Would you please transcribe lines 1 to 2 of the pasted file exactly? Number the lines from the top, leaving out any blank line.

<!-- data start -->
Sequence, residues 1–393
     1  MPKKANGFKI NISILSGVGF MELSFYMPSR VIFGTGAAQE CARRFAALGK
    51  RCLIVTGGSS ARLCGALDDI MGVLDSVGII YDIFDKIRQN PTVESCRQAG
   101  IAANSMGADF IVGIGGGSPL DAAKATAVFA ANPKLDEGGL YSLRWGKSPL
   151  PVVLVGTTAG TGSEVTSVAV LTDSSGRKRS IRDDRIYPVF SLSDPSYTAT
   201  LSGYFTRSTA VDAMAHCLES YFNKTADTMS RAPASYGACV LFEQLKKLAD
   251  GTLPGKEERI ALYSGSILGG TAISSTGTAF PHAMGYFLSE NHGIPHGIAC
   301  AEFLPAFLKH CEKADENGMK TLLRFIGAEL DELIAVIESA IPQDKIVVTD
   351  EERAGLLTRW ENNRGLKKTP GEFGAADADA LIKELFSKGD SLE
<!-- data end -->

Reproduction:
Sequence, residues 1–393
     1  MPKKANGFKI NISILSGVGF MELSFYMPSR VIFGTGAAQE CARRFAALGK